What would it look like to pray for every marriage I am around, that I know of? To pray over friends’ and families’ marriages that they would be God-centered, building a covenant relationship around love and respect, Biblical submission and leadership, authority and mutuality. That they would be the relationships I see as God-honoring and desire after the good things in those, rather than the Hallmark-saturated romance we are often using for relationships. How would the church look then? How would our communities and workplaces look?
Having that change of ‘tude made me grateful I had gone to church last week, that I’d been in a sermon on marriage and that even at the end our pastor made it a point to say he knew there were single individuals present and for us to be in fervent prayer for future spouses as well, just as he’d directed the spouses present to pray for one another. It was a reminder that I may not have a future spouse but I can sure pray for each and every one of them I know, and for my single friends as well to have spouses of the same prayerful focus.
Ever find yourself absolutely bowled over by a whisper?
Yesterday while out running errands I had the radio on, going full tilt down I-65 when these words came through my speakers “I’ve seen you move. You move the mountains. And I believe, I’ll see You do it again.” In those words I heard the whisper of God Himself, coming near asking me, “What if you are the mountain I have been moving?”
Y’all. I’ll spare you the details of much of the backstory, but even in that very car yesterday morning I’d been praying a prayer of change, of release on a tight grip of things, of open hands and a trusting heart and mind. A simple prayer but one that needed faith like a mustard seed. Simple but powerful.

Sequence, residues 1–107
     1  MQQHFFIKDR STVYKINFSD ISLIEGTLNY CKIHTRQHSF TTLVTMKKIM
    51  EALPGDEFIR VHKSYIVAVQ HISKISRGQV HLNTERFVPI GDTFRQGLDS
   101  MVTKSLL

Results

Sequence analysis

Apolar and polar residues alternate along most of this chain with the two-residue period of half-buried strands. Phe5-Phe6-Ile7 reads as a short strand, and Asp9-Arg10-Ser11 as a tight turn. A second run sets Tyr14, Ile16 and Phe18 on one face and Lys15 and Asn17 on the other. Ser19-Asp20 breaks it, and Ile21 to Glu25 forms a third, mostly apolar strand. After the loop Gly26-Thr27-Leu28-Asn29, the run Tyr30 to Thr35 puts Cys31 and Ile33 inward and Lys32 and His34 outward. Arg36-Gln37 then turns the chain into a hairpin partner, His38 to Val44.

When I am the mountain needing moving, it’s not my power or will doing it. It’s all Him. He is fulfilling His promise to be with me, to do good in me and through me. That good may look like desert times and hard winds in battle. It will leave scars and ask for the pound of flesh. But it’s the perfect faith in the power of the One Who wants to move me to the impossible. To the Kingdom now work. To His intimate fellowship and worship.
My eyes, heart, life are removed from focusing on the circumstance, relationship or place and instead intensely aware of my need of Him in my life. Faith in Him, trust in Him, surrender in Him to move me where He knows I should be and can be. In the absolute impossible of life.
“So often we miss life’s beauty because we’re too preoccupied with it’s flaws.” -Ann Spangler
Did you forget God created you in His image? Or that He created the ground you walk on and grass you seem to mow 24/7? Or the cat who keeps calling your new patio cushions home?
I think we become so engrossed with what’s wrong or “what just has to be survived” rather than remembering the Creator who made it, Who thought it out of absolutely nothing to reflect Him.